Do your hackles rise every time you see Donald Trump? You could be looking into a psychological mirror

Do your hackles rise every time you see Donald Trump?. Picture by Alex Brandon, Associated press

IF YOU are a man and your hackles rise every time you see Donald Trump on the TV, stop and step back for a second and consider this. Is it his politics that annoys you or is his personality reflecting back something in yourself that you don’t like?

For a woman, if it is Angela Merkel or Theresa May who makes you want to scream with rage, you could also be looking into a psychological mirror and seeing the face that you would rather hide returning your gaze.

According to Carl Jung, ‘the Shadow’ contains those aspects of ourselves that we dislike and that have been suppressed.

Jungian psychologist William Garnermann, who will be holding a one-day series of talks in Belfast on Saturday, says the Shadow is something that needs to brought to light rather than rejected.

“It’s always nice to have the man we love to hate. It frees you up and you don’t have to own things and you can deny that there are flaws in your character,” he says. “You will project your shadow on to someone who you don’t like – usually someone you don’t know very well – project those aspects of yourself that you are trying to deny and when they manifest in something that person says or does you will feel a strong negative reaction.”

Identifying your shadow and integrating it into your conscious life, accepting that it is part of you, is an important step in Jungian psychology. According to Jung, the Shadow is not something to be feared and to run away from, it is “90 per cent gold”.

Carl Gustav Jung (1875-1961) was a Swiss psychiatrist, philosopher and analytical psychologist. His exploration of his own unconscious and his researches in the fields of mythology, folklore, religion, alchemy and science led to a new understanding of the human psyche and the firm belief that consciousness was the purpose of life.

By consciousness he meant being aware of your behaviour and being responsible for your actions. Jung maintained that if things go wrong in the world around you the first thing is to put your personal, psychological world in order. He believed that dreams are a direct communication from the unconscious, constantly correcting and adjusting conscious behaviour.

Mr Garnermann will be taking three of the most important strands of Jung’s work to discuss on Saturday – synchronicity, narcissism and dreams.

Carl Gustav Jung was a Swiss psychiatrist, philosopher and analytical psychologist

“Synchronicity or meaningful coincidences happen when we are doing something right and events in the external, physical world coincide with the inner world of the psyche,” he says. “Whether it's dreaming of the winning horse at the races or accidentally meeting the individual who will further your career, synchronicity shows the interconnectedness of psyche and matter.”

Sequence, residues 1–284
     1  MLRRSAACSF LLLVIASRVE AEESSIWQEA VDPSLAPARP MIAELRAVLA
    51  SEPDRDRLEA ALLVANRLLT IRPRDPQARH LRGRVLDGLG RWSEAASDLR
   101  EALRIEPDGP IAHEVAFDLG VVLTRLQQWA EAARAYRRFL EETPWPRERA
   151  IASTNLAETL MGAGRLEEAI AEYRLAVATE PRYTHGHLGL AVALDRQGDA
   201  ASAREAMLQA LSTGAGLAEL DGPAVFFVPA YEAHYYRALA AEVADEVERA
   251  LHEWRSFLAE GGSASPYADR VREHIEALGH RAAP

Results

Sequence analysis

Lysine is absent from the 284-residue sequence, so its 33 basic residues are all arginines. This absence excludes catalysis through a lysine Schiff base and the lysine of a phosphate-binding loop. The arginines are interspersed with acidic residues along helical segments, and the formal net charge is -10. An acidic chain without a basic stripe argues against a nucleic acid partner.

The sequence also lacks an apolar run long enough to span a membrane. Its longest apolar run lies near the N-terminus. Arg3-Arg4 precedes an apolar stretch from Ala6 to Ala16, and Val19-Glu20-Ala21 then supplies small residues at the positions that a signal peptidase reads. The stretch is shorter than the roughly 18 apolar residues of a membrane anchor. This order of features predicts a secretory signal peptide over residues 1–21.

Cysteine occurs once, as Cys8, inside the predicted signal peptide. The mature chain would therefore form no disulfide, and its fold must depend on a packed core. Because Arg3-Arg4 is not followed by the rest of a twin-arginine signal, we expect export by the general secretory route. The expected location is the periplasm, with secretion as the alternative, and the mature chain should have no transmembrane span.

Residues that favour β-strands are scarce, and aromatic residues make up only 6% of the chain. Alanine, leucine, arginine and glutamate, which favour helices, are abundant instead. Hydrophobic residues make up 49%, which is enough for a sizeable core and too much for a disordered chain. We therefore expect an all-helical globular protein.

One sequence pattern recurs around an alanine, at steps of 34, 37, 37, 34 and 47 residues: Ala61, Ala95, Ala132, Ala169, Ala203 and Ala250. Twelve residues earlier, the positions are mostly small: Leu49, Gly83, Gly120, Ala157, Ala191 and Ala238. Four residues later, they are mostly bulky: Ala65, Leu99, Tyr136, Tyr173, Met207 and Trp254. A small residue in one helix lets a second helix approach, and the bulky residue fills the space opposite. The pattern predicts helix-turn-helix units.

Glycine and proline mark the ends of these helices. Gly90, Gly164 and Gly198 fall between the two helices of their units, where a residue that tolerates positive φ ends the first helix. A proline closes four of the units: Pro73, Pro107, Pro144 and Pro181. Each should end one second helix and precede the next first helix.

According to Mr Garnermann, narcissism is the most significant pathology of our time and “the biggest obstacle to spiritual development”.

“Narcism is the curse of capitalism, it takes people away from the reality of life and connects with projection. We project our Self on to objects and we try to define ourselves through possessions. But every time we get a new car, for example, it is just replaced with a new want and the process repeats itself,” he says.

“Yet, our society and culture depends on the narcissism of individuals to oil the wheels of industry and commerce which keep us happy in our world of fantasy and make-believe.”

Mr Garnermann says Jung saw that dreams were a positive communication from the unconscious.

“He discovered that dreams use a symbolic language that can carry an emotional charge which can bring about psychic transformation. Dreams not only guide us, but can transform our lives,” he says. “Jung encouraged us to record and think about dreams. They can often appear obscure, but they are filled with symbols that can point out psychological adjustments we should make.

“For example, many people will have a mother complex – an attachment to their mother. In dreams this can manifest as images of caves or of bags, which are symbols of the womb. They are containers that can tell you about your relationship to your mother.”

Mr Garnermann is a native of north Down but is now based in Dublin where he co-founded the The CG Jung Centre in 1990 to promote the work of Jung and consciousness.

William Garnermann will be giving a series of talks at the Wellington Park Hotel in Belfast on Saturday June 10

“Our studies cover all the various areas that Jung developed and especially the work on dreams and the interpretation of dreams through the amplification of dream symbols,” he says. “More recently the centre has commenced a separate course in Consciousness which is a combination of Jungian psychology and Vedic [Indian] philosophy. The Consciousness course takes the exploration of the unconscious further and is a practical application of raja yoga.”

:: The Belfast Day on Jung is this Saturday (June 10) at the Wellington Park Hotel in south Belfast, starting at 11am, and the three talks on Synchronicity, Narcissism and Dreams will be followed by discussions. Cost £50. To book visit:

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